Apple announced macOS Catalina back in June at WWDC. The update began rolling out to macOS users yesterday. The biggest change to the next major version of macOS was the death of sorts of iTunes and the distribution of its capability into three different apps. Additionally, the firm also announced Project Catalyst – a way for developers to port their existing iOS apps to macOS. While the project sounded like a huge and exciting step to bring app parity between the two platforms, it looks like it is off to a slow start.
A report from Bloomberg suggests that according to developers, porting iOS apps to macOS is not as easy as the company demoed it to be. While the firm showed off the feature as being a checkbox tick on XCode, developers that worked on porting their apps termed it “rough” for the time being. As it turns out, porting these apps involve more work than it looks, and involves challenges with repurposing UI elements for non-touch interfaces. The other issue that also persists is that of double-charging users. Users that might have already paid for the iOS version might have to pay again for the same app on macOS, which may be a tough sell.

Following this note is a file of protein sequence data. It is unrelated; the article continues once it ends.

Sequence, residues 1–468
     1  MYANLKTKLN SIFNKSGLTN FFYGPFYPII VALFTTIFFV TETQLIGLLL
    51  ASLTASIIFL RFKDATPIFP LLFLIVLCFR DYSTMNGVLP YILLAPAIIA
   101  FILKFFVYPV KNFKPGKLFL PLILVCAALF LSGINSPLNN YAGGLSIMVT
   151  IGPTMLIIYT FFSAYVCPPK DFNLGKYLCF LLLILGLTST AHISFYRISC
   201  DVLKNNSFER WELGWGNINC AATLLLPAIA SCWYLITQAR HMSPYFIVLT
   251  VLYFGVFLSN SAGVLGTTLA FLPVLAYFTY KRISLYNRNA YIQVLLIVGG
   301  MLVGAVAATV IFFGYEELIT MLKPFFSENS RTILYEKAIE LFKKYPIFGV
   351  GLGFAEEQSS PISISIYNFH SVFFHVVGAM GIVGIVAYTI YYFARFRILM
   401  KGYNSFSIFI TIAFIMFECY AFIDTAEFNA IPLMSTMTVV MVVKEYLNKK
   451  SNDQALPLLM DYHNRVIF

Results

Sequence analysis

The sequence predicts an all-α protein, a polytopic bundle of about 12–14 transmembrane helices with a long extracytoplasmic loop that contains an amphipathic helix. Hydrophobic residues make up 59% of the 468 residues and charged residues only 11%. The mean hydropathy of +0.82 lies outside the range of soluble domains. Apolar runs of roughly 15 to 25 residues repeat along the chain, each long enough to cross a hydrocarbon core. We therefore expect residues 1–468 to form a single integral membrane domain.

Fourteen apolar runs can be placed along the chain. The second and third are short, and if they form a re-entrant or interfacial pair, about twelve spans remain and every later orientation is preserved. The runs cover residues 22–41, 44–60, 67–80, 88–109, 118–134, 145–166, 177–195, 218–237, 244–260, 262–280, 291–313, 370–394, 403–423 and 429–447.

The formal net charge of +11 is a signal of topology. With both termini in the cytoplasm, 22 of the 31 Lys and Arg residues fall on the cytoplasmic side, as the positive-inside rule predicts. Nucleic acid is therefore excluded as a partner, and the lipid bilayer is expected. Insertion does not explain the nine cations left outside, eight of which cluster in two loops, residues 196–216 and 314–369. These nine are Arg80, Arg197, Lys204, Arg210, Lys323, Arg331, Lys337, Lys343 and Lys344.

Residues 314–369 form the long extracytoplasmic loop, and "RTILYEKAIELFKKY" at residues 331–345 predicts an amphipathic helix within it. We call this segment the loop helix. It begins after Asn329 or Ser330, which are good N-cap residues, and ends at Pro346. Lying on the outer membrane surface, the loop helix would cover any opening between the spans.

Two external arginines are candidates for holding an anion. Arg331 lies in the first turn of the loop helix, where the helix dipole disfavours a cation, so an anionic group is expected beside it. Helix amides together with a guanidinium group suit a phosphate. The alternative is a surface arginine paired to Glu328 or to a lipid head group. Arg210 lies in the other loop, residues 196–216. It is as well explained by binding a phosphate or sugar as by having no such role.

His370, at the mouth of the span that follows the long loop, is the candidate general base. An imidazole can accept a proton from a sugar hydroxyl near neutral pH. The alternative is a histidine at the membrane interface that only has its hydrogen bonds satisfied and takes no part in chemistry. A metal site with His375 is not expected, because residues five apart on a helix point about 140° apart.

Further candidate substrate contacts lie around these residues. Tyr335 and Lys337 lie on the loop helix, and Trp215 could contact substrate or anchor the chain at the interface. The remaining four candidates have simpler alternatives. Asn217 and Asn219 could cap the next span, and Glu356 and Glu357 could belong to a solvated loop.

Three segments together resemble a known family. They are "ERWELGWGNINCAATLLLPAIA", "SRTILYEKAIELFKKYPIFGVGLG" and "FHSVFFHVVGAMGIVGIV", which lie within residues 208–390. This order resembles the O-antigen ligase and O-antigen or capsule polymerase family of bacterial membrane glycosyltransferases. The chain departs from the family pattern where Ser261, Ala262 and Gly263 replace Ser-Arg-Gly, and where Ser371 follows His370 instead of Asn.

The report adds that Netflix has confirmed that it will not be bringing its iOS app to macOS. Additionally, two major apps that were to be ported – that Apple showcased – were DC Universe and Asphalt 9, whose mentions have now been removed from the macOS Catalina webpage likely because the apps couldn’t make it out for release in time. As of launch, there are currently only 20 compatible iPad apps on the Mac App Store, which isn’t a lot considering the magnitude of apps on that platform. The exclusion of these apps is indeed a blow to the project.
Apple’s goal with Catalyst is like what Microsoft has been trying to do with it’s Universal Windows Platform (UWP) – developing a single app for the platform that targets multiple form factors. It wouldn’t be a stretch to think that the Cupertino giant would want to leverage the popularity of iOS and bring parity between its desktop and mobile operating systems. However, as per developers familiar with development on Apple’s platforms, it looks like there is more work for the firm to do for it to realize this goal.
Source: Bloomberg Via The Verge